DSRSG Koury's remarks on Libya to the UN Security Council - 19 June 2024

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19 Jun 2024

DSRSG Koury's remarks on Libya to the UN Security Council - 19 June 2024

Mister President,

Members of the Council, 

Thank you for the opportunity to brief you today on the situation in Libya. Let me first wish the Libyan people and all Muslims celebrating Eid Al Adha, a joyous occasion. May it bring respite for those suffering. It is the first Eid al-Adha since the Derna disaster, a tragic event that brings back memories of those who lost their lives in this terrible catastrophe. Yet, in the face of adversity, the Libyan people continue to demonstrate determination and unity.

Since assuming the role of Officer in Charge and Deputy Special Representative of the Secretary-General for political affairs, I began consultations to hear the concerns and priorities of the Libyan people, including their views on an inclusive Libyan-led and Libyan-owned political process. To date, I have held meetings in the East and West of Libya. I met with political leaders and officials, academics, civil society organizations, women’s groups, and military leaders. I also engaged representatives of cultural components, business people, as well as members of the diplomatic community. These consultations are ongoing, and while I plan to visit other areas of the country soon.  I will now share with you some observations to date.

Overwhelmingly, citizens conveyed the need for a political agreement so that credible national elections can be held to restore legitimacy to all institutions.  I discussed the need for an inclusive Libyan-led process to overcome the political impasse and support the Libyan people in achieving their aspirations for peace, stability, prosperity and democracy. Libyans have also shared their ideas on what a future political process should look like, including the role of the five key Libyan institutional actors, of the two Chambers, the need for a broad-based type of dialogue, a combination of the above, and other ideas. 

Many have signaled the importance of a “pact” or an agreement that would, among other things, affirm the parties’ respect for electoral outcomes. Similarly, some have emphasized the importance of including sufficient detail and mechanisms of enforcement in any future agreement to help ensure that the parties will adhere to its terms.

They also provided ideas on a roadmap on the substantive aspects, including whether to focus on issues of an interim government formation and steps to advance the holding of elections. Other citizens and officials expressed the need to address underlying conflict drivers.  These to focus on issues relating to the economy, security structures, and the governance structure in Libya. The need for more decentralization, inclusiveness, fairness and transparency in governance was also widely expressed.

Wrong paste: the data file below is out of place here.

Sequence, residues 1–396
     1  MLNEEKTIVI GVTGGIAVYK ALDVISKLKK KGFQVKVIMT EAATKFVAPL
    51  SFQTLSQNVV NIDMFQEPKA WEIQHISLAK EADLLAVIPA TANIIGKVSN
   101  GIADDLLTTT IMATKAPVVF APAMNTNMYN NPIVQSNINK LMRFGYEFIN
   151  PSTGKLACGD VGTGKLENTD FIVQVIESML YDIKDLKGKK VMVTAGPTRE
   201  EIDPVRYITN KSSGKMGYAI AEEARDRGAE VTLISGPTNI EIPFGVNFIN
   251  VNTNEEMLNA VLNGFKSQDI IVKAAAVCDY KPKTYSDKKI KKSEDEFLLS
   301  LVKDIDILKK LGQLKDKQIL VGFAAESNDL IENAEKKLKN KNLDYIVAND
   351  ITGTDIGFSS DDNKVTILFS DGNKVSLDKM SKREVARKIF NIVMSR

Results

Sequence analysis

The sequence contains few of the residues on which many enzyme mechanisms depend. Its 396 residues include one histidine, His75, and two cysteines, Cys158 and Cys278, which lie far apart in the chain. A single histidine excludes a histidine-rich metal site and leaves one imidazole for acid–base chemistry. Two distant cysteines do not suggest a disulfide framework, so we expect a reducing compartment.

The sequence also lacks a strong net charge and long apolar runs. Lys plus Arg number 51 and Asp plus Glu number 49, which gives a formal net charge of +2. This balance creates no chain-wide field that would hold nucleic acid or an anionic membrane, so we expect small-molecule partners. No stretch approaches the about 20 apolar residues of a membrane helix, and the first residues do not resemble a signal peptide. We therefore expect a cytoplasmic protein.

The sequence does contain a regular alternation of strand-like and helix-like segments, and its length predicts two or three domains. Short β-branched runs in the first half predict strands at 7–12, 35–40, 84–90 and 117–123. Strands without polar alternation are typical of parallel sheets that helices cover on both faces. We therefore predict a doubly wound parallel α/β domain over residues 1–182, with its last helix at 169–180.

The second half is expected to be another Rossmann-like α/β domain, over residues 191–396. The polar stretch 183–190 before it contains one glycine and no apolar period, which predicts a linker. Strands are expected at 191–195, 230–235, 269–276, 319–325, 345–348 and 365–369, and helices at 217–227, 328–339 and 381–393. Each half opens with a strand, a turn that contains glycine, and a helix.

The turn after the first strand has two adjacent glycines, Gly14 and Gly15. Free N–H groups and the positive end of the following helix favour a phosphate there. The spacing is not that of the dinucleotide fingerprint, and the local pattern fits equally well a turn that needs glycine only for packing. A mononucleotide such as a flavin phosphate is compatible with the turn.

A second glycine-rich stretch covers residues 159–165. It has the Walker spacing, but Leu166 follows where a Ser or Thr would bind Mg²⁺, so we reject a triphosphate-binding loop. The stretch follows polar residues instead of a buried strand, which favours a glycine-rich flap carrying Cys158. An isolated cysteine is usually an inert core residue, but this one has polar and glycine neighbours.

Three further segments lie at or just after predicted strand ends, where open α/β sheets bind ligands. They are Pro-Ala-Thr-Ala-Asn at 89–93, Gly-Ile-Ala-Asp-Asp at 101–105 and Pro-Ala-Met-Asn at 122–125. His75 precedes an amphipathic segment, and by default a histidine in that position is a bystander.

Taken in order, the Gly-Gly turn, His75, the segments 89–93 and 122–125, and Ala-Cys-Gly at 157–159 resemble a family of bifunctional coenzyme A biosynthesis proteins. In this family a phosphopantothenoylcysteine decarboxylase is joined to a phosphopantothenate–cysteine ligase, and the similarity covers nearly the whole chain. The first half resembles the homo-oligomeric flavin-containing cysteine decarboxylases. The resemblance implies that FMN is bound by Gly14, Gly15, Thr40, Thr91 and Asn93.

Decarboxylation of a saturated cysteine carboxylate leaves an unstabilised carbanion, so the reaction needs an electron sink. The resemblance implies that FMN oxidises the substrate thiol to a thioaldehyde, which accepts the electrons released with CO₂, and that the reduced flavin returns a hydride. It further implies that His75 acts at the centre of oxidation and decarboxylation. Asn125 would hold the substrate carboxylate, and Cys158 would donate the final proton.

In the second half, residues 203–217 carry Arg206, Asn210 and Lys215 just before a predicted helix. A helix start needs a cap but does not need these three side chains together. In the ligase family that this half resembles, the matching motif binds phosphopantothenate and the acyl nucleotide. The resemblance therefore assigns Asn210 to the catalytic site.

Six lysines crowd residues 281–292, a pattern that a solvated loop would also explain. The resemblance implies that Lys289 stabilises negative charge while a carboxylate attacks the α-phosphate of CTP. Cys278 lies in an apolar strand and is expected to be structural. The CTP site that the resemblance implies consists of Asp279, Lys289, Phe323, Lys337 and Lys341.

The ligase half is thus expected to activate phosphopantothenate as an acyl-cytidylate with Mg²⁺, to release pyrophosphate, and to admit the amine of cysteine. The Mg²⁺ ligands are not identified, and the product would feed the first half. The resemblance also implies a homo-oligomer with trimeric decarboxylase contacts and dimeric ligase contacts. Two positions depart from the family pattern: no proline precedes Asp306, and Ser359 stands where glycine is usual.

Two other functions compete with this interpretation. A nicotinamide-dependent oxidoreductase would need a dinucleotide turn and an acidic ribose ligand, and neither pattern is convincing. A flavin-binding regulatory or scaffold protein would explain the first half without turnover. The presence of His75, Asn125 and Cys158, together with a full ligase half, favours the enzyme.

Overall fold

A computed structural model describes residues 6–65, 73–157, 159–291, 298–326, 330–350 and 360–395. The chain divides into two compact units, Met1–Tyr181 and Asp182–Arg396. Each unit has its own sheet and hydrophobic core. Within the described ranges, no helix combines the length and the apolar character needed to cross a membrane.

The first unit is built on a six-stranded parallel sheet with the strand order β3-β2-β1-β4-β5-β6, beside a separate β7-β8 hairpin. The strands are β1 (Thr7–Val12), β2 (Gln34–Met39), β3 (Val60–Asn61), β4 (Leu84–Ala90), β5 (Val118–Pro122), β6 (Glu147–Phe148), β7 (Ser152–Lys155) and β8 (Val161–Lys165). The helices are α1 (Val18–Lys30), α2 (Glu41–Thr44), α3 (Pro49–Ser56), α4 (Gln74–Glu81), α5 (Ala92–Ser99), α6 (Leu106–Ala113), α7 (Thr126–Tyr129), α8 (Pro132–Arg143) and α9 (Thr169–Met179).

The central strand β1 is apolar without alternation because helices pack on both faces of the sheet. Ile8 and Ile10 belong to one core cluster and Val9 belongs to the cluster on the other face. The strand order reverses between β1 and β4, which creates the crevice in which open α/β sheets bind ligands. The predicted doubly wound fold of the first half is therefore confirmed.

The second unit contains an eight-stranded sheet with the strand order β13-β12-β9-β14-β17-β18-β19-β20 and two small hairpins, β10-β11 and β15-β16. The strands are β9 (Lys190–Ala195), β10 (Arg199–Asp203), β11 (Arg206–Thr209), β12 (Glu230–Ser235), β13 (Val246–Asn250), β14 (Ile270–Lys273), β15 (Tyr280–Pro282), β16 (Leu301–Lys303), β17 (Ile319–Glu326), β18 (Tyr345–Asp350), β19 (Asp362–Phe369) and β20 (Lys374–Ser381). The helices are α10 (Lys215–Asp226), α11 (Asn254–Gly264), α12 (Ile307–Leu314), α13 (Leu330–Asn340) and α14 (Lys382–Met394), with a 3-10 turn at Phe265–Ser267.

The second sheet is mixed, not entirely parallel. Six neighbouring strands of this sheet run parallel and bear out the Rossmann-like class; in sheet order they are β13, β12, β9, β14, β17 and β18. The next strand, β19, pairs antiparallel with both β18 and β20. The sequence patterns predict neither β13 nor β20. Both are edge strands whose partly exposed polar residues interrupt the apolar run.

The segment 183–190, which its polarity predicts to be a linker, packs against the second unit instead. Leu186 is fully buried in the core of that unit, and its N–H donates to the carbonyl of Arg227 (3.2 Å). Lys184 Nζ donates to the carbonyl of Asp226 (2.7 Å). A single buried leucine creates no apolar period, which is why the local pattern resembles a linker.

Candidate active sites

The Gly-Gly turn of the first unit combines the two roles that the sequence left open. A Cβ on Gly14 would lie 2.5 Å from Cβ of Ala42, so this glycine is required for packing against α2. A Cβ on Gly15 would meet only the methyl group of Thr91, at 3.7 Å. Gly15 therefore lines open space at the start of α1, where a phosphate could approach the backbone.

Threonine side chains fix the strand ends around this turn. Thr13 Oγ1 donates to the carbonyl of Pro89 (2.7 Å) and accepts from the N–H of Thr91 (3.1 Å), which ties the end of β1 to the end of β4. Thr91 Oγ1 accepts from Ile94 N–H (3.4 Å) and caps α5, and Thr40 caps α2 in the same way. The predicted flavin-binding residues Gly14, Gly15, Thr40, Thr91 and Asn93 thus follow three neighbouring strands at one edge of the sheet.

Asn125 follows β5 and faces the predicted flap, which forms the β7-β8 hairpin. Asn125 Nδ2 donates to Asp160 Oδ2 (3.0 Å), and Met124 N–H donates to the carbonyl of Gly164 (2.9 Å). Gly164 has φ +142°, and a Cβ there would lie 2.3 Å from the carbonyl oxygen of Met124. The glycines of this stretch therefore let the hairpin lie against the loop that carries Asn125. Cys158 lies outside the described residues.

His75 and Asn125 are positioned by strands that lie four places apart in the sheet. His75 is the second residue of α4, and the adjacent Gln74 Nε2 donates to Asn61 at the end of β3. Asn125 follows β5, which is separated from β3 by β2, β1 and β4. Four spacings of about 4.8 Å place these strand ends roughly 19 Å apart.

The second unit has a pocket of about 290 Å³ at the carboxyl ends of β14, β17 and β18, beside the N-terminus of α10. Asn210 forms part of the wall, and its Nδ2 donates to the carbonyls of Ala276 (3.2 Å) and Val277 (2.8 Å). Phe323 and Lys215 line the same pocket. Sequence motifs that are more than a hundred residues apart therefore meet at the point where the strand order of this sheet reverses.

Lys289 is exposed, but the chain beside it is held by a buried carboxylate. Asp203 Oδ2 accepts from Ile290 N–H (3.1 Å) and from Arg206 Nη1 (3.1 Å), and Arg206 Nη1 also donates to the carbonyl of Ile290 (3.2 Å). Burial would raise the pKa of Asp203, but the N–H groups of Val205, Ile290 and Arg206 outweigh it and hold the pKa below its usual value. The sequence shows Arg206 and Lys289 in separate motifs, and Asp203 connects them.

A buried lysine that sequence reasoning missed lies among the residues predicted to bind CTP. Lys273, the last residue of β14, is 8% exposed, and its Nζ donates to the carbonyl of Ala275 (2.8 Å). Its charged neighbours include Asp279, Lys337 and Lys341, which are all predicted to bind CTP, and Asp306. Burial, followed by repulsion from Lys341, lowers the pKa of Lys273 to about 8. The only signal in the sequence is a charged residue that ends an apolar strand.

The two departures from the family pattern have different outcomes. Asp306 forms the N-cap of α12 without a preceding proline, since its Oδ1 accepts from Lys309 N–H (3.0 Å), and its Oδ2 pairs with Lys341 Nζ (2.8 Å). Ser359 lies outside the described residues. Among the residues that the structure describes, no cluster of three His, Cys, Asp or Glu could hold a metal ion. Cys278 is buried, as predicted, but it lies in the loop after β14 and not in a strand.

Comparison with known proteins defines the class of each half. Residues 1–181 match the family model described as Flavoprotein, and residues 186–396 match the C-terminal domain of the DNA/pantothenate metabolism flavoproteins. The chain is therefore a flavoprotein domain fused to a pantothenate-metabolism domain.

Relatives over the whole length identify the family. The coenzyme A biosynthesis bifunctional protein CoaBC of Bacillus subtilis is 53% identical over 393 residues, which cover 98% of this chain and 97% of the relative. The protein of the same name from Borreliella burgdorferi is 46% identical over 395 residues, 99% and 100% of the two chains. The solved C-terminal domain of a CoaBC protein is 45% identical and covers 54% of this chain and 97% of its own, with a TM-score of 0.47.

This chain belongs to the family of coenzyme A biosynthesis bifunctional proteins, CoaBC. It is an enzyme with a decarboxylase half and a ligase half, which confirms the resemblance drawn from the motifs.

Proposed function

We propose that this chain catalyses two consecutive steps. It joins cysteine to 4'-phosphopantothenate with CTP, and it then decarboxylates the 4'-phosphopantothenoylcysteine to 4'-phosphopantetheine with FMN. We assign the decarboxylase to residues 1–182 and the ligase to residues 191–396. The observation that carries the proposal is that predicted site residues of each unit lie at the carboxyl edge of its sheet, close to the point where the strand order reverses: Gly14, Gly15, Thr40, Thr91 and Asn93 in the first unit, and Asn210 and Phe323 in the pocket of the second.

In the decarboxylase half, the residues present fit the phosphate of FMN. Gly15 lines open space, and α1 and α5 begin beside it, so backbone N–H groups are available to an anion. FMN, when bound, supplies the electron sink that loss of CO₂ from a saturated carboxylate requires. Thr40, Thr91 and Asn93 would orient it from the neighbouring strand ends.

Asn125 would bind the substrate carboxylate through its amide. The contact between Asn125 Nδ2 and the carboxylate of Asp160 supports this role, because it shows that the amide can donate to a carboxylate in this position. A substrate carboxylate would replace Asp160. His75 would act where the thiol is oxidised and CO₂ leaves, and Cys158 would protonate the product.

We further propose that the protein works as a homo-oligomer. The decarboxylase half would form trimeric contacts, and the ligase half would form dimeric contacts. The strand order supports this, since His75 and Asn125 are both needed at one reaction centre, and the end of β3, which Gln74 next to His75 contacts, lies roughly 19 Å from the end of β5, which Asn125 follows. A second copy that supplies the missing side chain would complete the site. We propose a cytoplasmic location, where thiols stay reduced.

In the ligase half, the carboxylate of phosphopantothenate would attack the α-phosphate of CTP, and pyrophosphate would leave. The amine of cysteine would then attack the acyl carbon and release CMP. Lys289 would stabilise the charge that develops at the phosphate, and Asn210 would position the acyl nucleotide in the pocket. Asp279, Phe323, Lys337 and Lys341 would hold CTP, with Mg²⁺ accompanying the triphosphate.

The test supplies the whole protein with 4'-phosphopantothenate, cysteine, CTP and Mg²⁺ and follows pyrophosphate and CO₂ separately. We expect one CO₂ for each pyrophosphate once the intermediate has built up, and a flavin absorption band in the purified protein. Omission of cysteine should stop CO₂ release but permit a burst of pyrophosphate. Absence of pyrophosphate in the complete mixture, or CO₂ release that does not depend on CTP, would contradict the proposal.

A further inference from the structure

Many Libyans continue to express deep concerns about the de facto division of the country and parallel governing institutions. I share this concern. These developments undermine economic, security and stability, as well as Libya’s sovereignty and territorial integrity, amidst concerns about the impact of geopolitical tensions playing out on Libya. 

Mister President,

In addition to a national political solution, many Libyans have also been emphasizing the need for local elections, an important step in ensuring accountable service delivery and in restoring legitimacy to an important segment of Libyan institutions. On the 9th of June, the High National Elections Commission, or HNEC, opened voter registration for municipal elections in 60 municipalities across Libya. To date, over 36,000 people have registered at in-person registration centres and through the electronic SMS system. This is an important step, although voter registration, in particular female voter registration, remains quite low. HNEC, with the support of UNSMIL, is undertaking efforts to encourage greater registration. 

Moreover, on the onset of the Eid, ten out of 12 in-person registration centres in the eastern municipalities have been prevented from opening.  I urge the authorities to allow those centers to open and enable Libyans to register and exercise their political rights.

Mister President,

Conflict prevention and preserving stability remain at the forefront of most Libyans concerns. In April, there were brief though intense clashes in the densely populated Ain Zara district in Tripoli. Faced with the risk of further escalation in the capital, armed group leaders successfully engaged in dialogue to de-escalate the situation.  In May, sporadic clashes between armed groups in al-Jmail and al-Zawiya and the car-bombing in Tripoli last week, coupled with reports of continued arms build-up in the country, are also a stark reminder of the fragility of Libya’s security landscape. These dynamics underscore the importance of unified, reformed security sector institutions and the importance of local mediation efforts.